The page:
The capital-intensive hospitality industry, which has been battling an adverse environment owing to government policies including high taxes, expects the Union Budget for 2013-14 to make it easier for hotels to get infrastructure status.

The industry, which has been facing various challenges over development, operations and difficulty in raising debt, has been actively lobbying to ease norms for hotels to get infrastructure status, which would make it easier to raise debt at cheaper interest rates, industry players said.

One of the major provisions that could come in the budget could be relaxation of norms for hotels to get infrastructure status, according to Kamlesh Barot, ex-president of Federation of Hotel and Restaurant Associations of India (FHRAI).

According to Barot, getting this status will help hotel companies to raise debt at a cheaper interest rate and also provide them a longer time period of 15 to 20 years to repay it.

At present loans are given to companies for a maximum of seven years, which makes the projects unfeasible because it takes about four years for projects to get over. Stabilisation of projects takes another two years and hence the duration of payback is too less, according to Rattan Keswani, co-founder of Carnation Hotels. “Giving the industry infrastructure status will boost confidence in the sector,” he added.

“Since we don’t have this status, the industry misses out on many benefits for example electricity costs which at present is so high that it makes the business unviable in some cases,” Sanjay Sethi, CEO of Berggruen Hotels, told VCCircle.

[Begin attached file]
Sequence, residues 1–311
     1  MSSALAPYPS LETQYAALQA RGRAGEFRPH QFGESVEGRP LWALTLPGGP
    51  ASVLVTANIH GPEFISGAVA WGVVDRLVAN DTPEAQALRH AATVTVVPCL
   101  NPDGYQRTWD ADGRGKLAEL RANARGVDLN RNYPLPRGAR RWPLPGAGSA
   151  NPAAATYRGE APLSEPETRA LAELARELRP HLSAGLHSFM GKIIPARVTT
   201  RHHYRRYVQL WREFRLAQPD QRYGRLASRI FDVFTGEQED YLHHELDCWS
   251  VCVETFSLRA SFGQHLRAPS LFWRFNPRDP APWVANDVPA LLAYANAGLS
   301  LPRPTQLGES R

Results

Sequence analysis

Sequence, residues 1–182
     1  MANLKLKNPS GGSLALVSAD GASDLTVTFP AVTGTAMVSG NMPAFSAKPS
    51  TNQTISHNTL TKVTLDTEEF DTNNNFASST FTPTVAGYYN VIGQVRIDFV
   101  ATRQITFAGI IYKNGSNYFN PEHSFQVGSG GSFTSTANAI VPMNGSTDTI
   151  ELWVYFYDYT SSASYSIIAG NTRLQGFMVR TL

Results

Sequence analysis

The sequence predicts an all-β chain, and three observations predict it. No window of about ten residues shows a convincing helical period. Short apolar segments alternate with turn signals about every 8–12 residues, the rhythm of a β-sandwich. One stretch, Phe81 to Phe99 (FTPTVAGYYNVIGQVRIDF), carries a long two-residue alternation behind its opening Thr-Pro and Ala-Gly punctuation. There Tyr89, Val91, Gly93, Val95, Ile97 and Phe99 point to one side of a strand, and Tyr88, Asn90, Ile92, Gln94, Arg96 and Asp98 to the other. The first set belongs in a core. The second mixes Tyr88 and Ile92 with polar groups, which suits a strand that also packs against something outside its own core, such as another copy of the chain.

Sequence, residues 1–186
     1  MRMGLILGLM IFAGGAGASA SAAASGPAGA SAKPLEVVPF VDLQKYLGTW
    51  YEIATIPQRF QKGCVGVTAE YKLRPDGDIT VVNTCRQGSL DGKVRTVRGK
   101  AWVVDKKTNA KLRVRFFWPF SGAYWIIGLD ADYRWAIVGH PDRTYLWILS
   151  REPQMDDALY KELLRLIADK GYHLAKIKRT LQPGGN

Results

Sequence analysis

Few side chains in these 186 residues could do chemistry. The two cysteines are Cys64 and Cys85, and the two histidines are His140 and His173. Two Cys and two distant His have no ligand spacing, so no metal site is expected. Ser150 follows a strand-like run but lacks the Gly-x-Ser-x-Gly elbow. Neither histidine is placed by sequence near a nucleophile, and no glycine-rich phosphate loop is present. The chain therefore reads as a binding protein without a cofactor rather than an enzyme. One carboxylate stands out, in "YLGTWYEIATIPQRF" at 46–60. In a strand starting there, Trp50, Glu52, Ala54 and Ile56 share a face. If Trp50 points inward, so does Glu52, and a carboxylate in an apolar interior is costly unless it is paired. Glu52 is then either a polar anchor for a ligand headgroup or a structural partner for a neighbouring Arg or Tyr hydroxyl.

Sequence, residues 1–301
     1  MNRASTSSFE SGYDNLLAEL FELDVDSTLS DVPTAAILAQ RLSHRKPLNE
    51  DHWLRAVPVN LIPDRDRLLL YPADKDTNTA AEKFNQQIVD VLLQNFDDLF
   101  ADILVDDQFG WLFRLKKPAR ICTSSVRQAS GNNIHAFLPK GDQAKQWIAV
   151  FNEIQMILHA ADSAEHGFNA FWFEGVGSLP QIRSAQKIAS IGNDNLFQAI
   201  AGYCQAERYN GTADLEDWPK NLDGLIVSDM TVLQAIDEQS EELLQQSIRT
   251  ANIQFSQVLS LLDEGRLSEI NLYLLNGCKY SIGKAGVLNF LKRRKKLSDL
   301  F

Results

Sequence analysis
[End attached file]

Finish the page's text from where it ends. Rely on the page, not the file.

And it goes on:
The industry is also seeking extension of visa-on-arrival facility to tourists from more countries, according to Param Kannampilly, Chairman and MD of Concept Hospitality.

Apart from infrastructure status and ‘visa on arrival’, other expectations of the industry from the budget include:

* Increased depreciation on hotel buildings. Hotels were eligible for depreciation allowance of 20 per cent till March 31, 2012. After that, this was scaled down to 10 per cent. The industry is looking for this allowance to be restored to 20 per cent.

*Duplication of Service Tax - the same base of room and Food & Beverage revenue is taxed by the state governments by way of luxury tax and VAT. The additional levy of service tax by the central government leads to multiple taxation and increases the burden of the consumer. The sector is looking at tax percentage to not exceed 8 per cent in totality.

* Extending benefit of service tax exemptions, which are available to other exporters, to hotels and tourism related service providers.

* Exemption from payment of service tax on services rendered by foreign travel agents.

“The industry is heavily taxed which makes hotel rooms in India more expensive and less competitive than hotel rooms in other South Asian countries,” Kannampilly said.

The planning commission has projected that by 2016-17, the sector will support nearly 80 million jobs and foreign exchange earnings (FEE) will rise to $30 billion. The government has set a target of doubling the number of foreign tourist arrivals (FTAs) to 12 million and increase the number of domestic tourist visits (DTVs) to 1.452 billion, within the 12th Five Year Plan (2012-17). The sector is anticipating a shortfall of 1,80,000 guestrooms in the country and to meet this demand the industry is looking at a capital investment of Rs 1,27,600 crore ($23.68 billion) over the next decade.

The sector has seen some big investments from private equity players in the last few years, including GTI Capital and Equity International investing $100 million in Samhi Hotels, APG investing Rs 650 crore in Lemon Tree Hotels and Berggruen Hotels, which owns Keys brand, raising $100 million from Berggruen Holdings, among others.

(Edited by Prem Udayabhanu)

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